As the leaves on the trees turn shades of brown, yellow and maroon, the nights get longer and the temperature drops a few degrees, people all across the country are reaching for their thermostats in an effort to maintain a decent temperature in their home. Fall is in full swing and winter is just around the corner. For those of us who heat our homes electronically this can be an expensive time of the year; it needn’t be this way though.
There are several options available with regards to purchasing electricity and, depending on the utility company you are with, many tariffs that are designed to save customers money can actually end up costing them extra. Electricity tariffs that provide cheaper electricity during the night often seem like a good deal, and if you use slow release storage heaters they often can be, but these tariffs often have more expensive rates during the day to recoup any savings they offer at night. If you use electricity on a cheap evening tariff to heat your home during the day then the chances are you will be paying too much for your electricity bills. If you suspect this might be the case then give your supplier a call to check alternative tariffs they offer.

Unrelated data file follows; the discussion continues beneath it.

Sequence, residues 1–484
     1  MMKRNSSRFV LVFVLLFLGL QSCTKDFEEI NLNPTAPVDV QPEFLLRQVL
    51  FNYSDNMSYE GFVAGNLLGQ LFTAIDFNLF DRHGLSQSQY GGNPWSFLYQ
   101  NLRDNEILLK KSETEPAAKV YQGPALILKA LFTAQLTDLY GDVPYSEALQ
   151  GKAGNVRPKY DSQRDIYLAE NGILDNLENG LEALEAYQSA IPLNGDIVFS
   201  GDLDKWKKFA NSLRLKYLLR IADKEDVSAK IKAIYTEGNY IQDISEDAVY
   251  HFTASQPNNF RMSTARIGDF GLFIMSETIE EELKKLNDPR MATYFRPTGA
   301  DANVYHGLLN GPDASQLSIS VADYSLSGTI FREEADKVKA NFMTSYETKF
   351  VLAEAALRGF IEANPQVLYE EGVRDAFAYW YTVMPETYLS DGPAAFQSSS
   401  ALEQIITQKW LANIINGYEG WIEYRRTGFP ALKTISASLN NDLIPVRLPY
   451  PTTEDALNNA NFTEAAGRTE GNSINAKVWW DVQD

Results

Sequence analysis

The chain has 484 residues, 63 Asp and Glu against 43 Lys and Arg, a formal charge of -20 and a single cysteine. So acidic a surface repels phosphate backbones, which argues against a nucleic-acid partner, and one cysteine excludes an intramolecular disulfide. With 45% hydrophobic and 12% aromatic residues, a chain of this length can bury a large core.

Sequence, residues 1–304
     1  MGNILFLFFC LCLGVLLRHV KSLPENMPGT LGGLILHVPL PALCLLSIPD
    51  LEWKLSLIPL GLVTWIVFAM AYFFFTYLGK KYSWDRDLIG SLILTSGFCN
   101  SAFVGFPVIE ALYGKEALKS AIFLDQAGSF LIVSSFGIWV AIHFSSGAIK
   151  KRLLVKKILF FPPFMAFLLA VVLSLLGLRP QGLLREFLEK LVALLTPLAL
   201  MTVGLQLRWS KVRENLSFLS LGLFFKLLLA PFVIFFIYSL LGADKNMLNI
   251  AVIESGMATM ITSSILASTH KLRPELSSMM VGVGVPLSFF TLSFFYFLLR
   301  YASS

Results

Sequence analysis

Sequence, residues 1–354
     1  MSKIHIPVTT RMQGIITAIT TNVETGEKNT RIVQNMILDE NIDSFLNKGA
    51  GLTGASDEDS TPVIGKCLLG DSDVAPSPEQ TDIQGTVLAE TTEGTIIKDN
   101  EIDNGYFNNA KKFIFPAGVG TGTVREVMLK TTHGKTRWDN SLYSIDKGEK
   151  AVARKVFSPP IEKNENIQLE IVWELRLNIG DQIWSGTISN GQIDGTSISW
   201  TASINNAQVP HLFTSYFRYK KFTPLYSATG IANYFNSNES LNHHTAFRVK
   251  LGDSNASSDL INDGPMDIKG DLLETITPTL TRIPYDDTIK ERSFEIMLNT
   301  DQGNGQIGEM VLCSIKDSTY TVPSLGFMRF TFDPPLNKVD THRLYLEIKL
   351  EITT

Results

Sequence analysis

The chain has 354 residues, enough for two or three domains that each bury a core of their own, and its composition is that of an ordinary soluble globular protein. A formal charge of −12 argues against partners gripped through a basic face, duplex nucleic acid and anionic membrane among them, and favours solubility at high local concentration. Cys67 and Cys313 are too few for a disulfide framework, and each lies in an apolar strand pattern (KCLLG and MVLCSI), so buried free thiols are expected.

There are a variety of electric heaters on the market but how do you know which one to buy?
Infographic supplied by The Economy Radiator Company
You will need a heater that is built from a good heat conducting metal, that is powerful enough to heat your room and has a thermostat that will not waste energy by overheating a room once it has reached an optimal temperature.
To figure out how powerful you heater needs to be you will need measure your room and figure out its volume in cubic metres. You can figure out a room’s volume by multiplying its width by breath by height. An electric radiator’s output is measured in kilowatts (kw) and it takes 1kw of electricity to heat 14 cubic metres of space to a comfortable temperature (22°C); so by dividing the volume of your room by 14 will determine how powerful your heater needs to be in kw output.
The thermostat is perhaps the most important aspect of an electric heater because electric heaters are close to 100% efficient. Thais means that every unit of electricity an electric radiator uses will be converted into heat; making temperature regulation the only way to truly economise electricity use.
By making the correct choices in both your devices and your tariffs it is possible to save money whilst heating your home electronically.